Noon might have claimed three tries, rather than one: he should have scored before the interval after cutting a perfect angle on Cipriani's cleverly delayed pass and would certainly have made it down the right touchline after the break had he backed himself to catch his own chip, rather than attempt an unlikely dribbling act Cristiano Ronaldo himself might have considered overambitious.
Yet even Ashton, reluctant to add fuel to the Cipriani fire for fear of seeing it rage out of control, could not resist a compliment or two. "I was hoping he'd do that out there," the coach said. "I've known him since he was 14 and I knew he had the capability. He's very confrontational and has a massive range of skills. He also plays with great authority." Where might this leave Wilkinson? "It's not over, this battle," came the reply. "Danny will have to watch his back."
Ashton might have been describing his own position. Talking of which, his opposite number, Eddie O'Sullivan, is now in serious strife. In theory, the four-year contract he signed before the World Cup kicks in next month, but precious few Irishmen at Twickenham gave him a cat's chance in hell of leading the national team on their tour of New Zealand and Australia in June.
Unlike Ashton and England, he and his side failed to make the World Cup knockout stage; unlike Ashton, he did not summon a performance from his charges on Saturday, despite the heaven-sent fillip of a 10-point lead inside six minutes. "There's no doubt the better team won," he admitted, before filing his application for membership of the Danny Cipriani Appreciation Society: "The try count reflected England's domination, particularly of the midfield contest. We simply didn't have the cutting edge they brought. We didn't inflict damage on them, but they certainly inflicted it on us."
O'Sullivan insisted he had no intention of resigning – why would he walk away, with four years' money among the factors to be considered? – but while the Irish Rugby Football Union generally makes the process of continental shift seem rapid, it can be quite ruthless on occasion. Ask Warren Gatland, who found himself drummed out of a job he was doing perfectly well back in 2001. How Gatland must be sniggering as he basks in his new-found Welshness. All of which leads us back to Ashton and the peculiar position in which he finds himself.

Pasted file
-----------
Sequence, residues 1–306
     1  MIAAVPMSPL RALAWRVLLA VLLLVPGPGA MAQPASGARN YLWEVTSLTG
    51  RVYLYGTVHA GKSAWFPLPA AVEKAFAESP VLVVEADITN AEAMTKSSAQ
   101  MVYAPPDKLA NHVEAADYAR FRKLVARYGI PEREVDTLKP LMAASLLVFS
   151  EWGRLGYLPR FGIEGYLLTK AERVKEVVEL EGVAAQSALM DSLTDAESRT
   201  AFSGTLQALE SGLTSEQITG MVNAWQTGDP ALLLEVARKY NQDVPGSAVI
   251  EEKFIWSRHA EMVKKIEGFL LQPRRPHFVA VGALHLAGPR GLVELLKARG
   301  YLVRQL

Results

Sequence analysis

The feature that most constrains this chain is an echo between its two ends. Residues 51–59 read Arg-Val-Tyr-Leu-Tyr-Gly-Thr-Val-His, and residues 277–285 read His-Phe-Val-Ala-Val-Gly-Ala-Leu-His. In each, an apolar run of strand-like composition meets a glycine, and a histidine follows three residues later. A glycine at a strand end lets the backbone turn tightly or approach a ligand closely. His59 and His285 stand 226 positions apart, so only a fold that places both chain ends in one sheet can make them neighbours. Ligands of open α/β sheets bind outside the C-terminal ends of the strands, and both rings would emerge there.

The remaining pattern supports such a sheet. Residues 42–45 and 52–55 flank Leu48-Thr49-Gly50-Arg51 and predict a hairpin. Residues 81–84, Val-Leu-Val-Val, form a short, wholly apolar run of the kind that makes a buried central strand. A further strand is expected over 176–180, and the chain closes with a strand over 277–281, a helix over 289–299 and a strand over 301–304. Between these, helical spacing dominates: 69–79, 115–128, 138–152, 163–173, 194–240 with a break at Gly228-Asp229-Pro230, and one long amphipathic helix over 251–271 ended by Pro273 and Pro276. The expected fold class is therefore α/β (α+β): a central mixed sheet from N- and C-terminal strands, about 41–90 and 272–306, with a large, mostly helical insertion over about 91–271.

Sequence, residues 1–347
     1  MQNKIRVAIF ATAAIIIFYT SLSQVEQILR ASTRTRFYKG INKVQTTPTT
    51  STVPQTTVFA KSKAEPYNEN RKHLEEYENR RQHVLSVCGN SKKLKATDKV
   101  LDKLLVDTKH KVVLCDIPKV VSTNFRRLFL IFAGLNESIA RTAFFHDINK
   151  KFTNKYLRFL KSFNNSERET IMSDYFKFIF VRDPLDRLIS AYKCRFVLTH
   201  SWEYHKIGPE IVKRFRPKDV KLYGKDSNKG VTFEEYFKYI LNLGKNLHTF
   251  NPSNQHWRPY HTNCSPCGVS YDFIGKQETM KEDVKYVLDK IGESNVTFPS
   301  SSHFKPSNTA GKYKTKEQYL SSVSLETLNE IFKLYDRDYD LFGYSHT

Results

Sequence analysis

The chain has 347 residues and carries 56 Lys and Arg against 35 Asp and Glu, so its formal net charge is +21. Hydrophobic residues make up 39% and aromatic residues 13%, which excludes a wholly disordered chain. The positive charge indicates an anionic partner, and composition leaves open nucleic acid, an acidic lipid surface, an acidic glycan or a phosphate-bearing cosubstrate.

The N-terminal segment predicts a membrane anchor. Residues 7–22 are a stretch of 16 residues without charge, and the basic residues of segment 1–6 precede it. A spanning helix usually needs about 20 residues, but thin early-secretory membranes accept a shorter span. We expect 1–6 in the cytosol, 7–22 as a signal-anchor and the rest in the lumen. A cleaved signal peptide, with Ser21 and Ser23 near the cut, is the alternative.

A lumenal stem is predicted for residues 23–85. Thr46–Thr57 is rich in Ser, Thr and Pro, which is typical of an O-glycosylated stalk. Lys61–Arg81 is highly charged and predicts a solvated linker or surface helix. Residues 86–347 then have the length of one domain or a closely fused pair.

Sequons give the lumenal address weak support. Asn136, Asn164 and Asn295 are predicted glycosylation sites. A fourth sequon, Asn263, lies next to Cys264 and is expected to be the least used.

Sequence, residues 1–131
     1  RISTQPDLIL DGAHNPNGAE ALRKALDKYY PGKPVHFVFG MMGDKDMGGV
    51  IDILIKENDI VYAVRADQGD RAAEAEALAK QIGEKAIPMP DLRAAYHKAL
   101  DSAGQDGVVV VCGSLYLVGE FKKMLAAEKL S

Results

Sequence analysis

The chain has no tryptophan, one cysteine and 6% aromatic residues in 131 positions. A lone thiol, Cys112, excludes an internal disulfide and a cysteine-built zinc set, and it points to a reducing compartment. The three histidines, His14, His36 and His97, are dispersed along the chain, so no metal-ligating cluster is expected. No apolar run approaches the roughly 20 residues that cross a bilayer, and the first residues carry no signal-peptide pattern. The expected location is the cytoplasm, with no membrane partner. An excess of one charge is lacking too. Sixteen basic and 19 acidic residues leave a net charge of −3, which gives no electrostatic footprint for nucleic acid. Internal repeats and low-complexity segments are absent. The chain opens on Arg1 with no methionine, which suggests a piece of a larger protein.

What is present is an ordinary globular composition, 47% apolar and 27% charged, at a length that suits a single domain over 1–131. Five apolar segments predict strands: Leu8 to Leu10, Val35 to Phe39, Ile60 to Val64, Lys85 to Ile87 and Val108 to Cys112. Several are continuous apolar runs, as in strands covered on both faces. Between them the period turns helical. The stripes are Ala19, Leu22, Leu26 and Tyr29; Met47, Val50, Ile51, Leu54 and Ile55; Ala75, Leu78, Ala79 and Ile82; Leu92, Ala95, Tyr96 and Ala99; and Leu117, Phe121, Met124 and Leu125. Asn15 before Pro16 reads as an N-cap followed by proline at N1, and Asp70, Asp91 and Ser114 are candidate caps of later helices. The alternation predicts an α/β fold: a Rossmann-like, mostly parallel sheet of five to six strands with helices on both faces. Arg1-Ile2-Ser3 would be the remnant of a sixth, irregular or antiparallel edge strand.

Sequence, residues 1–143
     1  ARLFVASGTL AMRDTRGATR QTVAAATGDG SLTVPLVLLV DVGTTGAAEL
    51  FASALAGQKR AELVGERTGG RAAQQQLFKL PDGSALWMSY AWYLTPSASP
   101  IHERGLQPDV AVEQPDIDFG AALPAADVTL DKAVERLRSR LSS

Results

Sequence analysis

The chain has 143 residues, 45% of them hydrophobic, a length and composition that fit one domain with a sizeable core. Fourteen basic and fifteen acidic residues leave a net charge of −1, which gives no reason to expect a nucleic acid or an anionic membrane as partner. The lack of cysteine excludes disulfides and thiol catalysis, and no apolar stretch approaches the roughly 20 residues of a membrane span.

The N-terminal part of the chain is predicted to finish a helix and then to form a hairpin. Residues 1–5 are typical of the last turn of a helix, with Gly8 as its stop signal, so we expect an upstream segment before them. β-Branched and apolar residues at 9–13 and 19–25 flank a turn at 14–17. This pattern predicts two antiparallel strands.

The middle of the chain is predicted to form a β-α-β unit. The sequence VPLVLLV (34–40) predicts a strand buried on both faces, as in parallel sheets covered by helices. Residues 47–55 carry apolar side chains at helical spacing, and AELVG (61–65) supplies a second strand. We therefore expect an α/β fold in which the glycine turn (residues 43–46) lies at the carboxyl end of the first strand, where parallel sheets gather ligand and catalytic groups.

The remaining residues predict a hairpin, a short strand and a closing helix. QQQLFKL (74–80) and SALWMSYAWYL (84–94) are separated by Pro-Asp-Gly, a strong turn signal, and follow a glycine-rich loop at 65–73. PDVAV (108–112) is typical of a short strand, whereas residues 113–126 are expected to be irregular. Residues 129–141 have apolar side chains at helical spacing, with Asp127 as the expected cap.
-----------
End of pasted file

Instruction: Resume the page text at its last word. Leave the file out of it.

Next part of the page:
Saturday's display was the most invigorating by an England side for many a long month – far better, in all sorts of ways, than anything they managed during the last World Cup – but far from applauding a genuine step forward inspired by a player around whom a new red rose side might be constructed, some RFU types regard the events of the weekend as a damned inconvenience. And there's the sadness of it.
England: I Balshaw (Gloucester); P Sackey (Wasps), J Noon (Newcastle), T Flood (Newcastle), L Vainikolo (Gloucester); D Cipriani (Wasps), R Wigglesworth (Sale); A Sheridan (Sale), L Mears (Bath), P Vickery (Wasps, capt), S Shaw (Wasps), S Borthwick (Bath), T Croft (Leicester), M Lipman (Bath), N Easter (Harlequins). Replacements: M Tait (Newcastle) for Sackey, 47-59 and 67; J Wilkinson (Newcastle) for Flood, 53; M Stevens (Bath) for Vickery, 62; B Kay (Leicester) for Shaw, 62; J Haskell (Wasps) for Lipman, 67; P Hodgson (London Irish) for Wigglesworth, 80; G Chuter (Leicester) for Mears, 82.
Ireland: G Murphy (Leicester); T Bowe (Ulster), A Trimble (Ulster), S Horgan (Leinster), R Kearney (Leinster); R O'Gara (Munster), E Reddan (Wasps); M Horan (Munster), R Best (Ulster), J Hayes (Munster), D O'Callaghan (Munster), P O'Connell (Munster), D Leamy (Munster), D Wallace (Munster), J Heaslip (Leinster). Replacements: S Easterby (Llanelli Scarlets) for Leamy, 11; L Fitzgerald (Leinster) for Murphy, 37; T Buckley (Munster) for Horan, 70; M O'Driscoll (Munster) for Wallace, 72; P Stringer (Munster) for Reddan, 76; B Jackman (Leinster) for Best, 76; P Wallace (Ulster) for Horgan, 84.
Referee: S Dickinson (Australia).